The making of ceramic animals is as old as ceramic art. As early as 24,000 BC, animal and human figurines were made from clay and other materials. Ceramic animals representing spiritual, decorative or financial intentions are tradition all over the world. But for Heath Ceramics, a company driven primarily by function, deciding to dive into decorative ceramic animals was a new challenge. And that, says Tung Chiang, director of the Heath Clay Studio, was the point.
“The idea of the design series is about challenging ourselves, and learning how can we push ourselves as a company,” he said. The series changes themes every year, inspiring Tung and the Heath team to experiment and explore a component of ceramic design in a deeper way over the entire course of a year. Past themes have focused on candle holders, vases, lighting, and glaze.
For Design Series 5: Forming Fables, Tung has created over 100 ceramic animals and hand-drawn vignettes depicting moving, and oftentimes funny stories behind them. The work ranges from playful to serious to moving to sophisticated, bringing to life the story behind each animal, whether a bird, cat, three-legged-dog or the like. Most are original, hand-formed pieces: a hummingbird, made in memory of one that hit Tung’s window, fainted, and flew away from the palm of his hand, reminding him of life’s fragility and strength.
“An animal figure can be really decorative, so the challenge was how can I use the materials and philosophy we have about every day objects to tackle something like that?” he said. Some of the pieces are adaptations of Heath pieces, like covers for Heath bowls in cat and fish form. It’s a fun and playful theme, taking inspiration from children’s books and fairy tales, but pulling from the real joy and meaning that animals hold for people. “99.9% of Heath staff are animal lovers,” he said.
“I was fascinated by the fact that with not a lot of equipment, just clay, a little glaze and a kiln, you can make all this happen yourself. There’s something satisfying about thinking of and then making something that appears in front of you right away.”
Tung spends the first portion of the year thinking about and planning the series, and starts diving into work around May. He makes anywhere between 100 to 200 prototypes, each a different ideation. At the end the whole exploration is presented to an audience, from conception to final works. It gives customers an opportunity to understand the process and take pieces home. This year’s show opens on Friday, October 27th and the RSVP list was at capacity at the time of publication, but the show will last until pieces are sold out.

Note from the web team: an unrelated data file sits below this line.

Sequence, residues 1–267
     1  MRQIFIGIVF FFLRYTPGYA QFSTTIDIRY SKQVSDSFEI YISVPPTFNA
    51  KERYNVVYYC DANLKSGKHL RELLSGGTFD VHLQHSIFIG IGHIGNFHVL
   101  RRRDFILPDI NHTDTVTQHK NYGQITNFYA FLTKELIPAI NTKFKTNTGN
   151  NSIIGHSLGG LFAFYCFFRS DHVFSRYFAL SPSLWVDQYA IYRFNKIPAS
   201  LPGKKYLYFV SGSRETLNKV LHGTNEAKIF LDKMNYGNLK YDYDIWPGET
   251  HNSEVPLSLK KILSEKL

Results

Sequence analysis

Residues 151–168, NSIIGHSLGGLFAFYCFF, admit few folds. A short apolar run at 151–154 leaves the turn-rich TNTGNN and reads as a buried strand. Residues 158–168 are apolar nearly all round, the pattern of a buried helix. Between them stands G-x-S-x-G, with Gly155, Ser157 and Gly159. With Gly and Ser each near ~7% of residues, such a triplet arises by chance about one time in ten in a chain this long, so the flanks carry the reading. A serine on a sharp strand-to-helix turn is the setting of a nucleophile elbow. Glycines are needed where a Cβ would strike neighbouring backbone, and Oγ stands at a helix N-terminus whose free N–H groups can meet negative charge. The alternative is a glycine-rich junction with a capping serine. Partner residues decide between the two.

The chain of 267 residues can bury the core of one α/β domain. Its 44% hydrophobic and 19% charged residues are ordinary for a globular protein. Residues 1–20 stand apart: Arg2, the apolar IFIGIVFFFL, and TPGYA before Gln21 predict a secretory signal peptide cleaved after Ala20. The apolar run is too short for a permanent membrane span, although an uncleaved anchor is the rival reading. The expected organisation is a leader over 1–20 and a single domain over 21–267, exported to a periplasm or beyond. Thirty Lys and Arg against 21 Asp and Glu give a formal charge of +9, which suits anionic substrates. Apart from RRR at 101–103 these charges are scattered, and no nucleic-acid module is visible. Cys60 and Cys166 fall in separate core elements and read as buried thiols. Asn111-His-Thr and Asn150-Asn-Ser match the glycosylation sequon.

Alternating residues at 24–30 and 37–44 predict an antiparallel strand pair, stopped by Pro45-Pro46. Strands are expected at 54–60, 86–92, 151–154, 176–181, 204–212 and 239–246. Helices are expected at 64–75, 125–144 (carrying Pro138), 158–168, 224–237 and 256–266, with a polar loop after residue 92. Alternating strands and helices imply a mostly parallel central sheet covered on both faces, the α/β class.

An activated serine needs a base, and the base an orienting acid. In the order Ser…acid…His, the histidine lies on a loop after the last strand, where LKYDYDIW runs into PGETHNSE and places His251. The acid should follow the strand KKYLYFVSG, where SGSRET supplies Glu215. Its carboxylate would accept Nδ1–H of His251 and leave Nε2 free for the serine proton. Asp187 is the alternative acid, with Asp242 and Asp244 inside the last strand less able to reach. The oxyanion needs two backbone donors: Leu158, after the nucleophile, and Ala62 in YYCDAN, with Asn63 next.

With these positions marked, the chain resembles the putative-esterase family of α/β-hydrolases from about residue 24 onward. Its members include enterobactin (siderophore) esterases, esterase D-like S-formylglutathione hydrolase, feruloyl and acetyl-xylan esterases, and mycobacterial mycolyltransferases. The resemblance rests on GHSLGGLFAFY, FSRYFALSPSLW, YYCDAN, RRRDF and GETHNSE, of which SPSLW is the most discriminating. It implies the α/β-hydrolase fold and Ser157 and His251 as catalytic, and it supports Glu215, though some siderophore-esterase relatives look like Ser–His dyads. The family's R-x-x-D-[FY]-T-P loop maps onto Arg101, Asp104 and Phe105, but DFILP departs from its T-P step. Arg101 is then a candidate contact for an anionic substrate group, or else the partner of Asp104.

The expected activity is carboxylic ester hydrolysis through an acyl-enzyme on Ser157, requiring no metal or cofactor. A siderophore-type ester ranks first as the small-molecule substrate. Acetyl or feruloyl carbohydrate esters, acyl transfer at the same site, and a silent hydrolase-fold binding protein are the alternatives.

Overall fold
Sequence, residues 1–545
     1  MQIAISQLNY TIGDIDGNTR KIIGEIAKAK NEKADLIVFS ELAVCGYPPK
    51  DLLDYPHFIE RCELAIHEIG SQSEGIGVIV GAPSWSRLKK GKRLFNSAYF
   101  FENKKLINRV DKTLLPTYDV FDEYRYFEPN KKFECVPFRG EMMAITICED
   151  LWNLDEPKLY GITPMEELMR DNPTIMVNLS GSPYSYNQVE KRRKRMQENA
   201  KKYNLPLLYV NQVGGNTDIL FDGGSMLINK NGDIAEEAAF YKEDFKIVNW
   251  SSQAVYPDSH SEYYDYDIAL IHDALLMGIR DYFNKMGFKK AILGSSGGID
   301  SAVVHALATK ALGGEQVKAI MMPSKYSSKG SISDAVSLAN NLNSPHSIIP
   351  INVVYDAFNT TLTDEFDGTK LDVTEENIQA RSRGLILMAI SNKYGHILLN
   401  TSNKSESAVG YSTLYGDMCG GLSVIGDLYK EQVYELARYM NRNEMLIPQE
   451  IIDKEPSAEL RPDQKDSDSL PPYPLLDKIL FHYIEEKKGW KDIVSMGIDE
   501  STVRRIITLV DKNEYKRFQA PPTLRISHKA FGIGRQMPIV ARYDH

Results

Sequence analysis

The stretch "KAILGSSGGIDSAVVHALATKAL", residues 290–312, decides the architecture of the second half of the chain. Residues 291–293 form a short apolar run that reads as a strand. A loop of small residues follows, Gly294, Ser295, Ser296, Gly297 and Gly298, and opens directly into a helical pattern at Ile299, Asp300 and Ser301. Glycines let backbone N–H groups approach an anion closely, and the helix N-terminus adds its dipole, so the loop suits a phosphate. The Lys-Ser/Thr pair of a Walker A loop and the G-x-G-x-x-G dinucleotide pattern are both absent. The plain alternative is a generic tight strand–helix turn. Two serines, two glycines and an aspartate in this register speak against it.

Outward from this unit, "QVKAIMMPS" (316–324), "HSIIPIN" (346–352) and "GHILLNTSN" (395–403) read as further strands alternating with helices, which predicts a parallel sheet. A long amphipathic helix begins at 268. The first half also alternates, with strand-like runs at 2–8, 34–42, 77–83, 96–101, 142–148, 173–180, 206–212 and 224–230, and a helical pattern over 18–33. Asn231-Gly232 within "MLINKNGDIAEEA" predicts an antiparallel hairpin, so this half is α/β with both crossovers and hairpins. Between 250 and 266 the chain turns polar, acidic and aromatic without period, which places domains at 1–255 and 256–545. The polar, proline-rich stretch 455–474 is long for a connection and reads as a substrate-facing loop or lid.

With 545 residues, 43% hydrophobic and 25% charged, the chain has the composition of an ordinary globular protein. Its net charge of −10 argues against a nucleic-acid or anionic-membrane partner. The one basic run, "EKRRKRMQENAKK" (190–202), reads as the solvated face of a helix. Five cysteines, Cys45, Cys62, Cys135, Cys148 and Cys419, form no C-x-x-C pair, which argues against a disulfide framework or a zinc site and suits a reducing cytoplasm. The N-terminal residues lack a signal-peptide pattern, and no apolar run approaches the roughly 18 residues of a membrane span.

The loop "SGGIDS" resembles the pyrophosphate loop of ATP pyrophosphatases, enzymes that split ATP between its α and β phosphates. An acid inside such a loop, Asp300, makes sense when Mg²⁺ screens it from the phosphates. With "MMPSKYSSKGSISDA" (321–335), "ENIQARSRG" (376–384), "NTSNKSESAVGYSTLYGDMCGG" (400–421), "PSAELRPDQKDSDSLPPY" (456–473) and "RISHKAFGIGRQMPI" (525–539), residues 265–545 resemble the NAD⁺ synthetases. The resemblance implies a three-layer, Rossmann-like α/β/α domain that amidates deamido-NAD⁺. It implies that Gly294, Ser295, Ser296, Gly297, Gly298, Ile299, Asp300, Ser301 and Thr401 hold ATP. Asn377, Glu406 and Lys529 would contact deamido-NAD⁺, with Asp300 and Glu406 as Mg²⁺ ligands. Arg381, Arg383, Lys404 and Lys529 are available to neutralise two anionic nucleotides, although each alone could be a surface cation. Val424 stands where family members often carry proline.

Tung worked as a designer for almost twenty years in his native Hong Kong, and went from 2D to 3D shortly after he moved to San Francisco. “I used to work in advertising and spent a lot of time making ideas around peoples’ products but I wanted to learn to make my own designs and product. Eventually, I became an industrial designer, and I was designing but still not making,” he said.
Meanwhile, he nurtured his interest in ceramics at his neighborhood clay studio at night. “I was fascinated by the fact that with not a lot of equipment, just clay, a little glaze and a kiln, you can make all this happen yourself. There’s something satisfying about thinking of and then making something that appears in front of you right away.”
It’s been twelve years since he started working with clay. He looks inside and outside the studio for inspiration, reflecting on the company’s almost 70-year-old history and considering founder Edith Heath’s process and dedication. His life experience, including moving to California and appreciating the natural environment here, has served as a compass.
“After I moved to California I really appreciated all the green and the water, and it was really important for me to learn that when you design you should be considering those elements. I want to be sustainable and respectful in my design.” he said. “Inspiration comes from exploring as a human being, as you grow up you start dialing in on things you like, you become more certain about what lifestyle you want and who you want to be.”
Thanks to eszter+david for the photos of Tung in this piece.
eszter+david are an Australian-born, San Francisco-based photographic team with David behind the camera and Eszter looking after all things production related from pre to post. Their photography encompasses many genres including hotel/resort, lifestyle and environmental portraiture and their assignments see them shooting around the globe. eszter+david thrive on working across a broad range of projects and subject matter to keep themselves inspired, see more of their work here.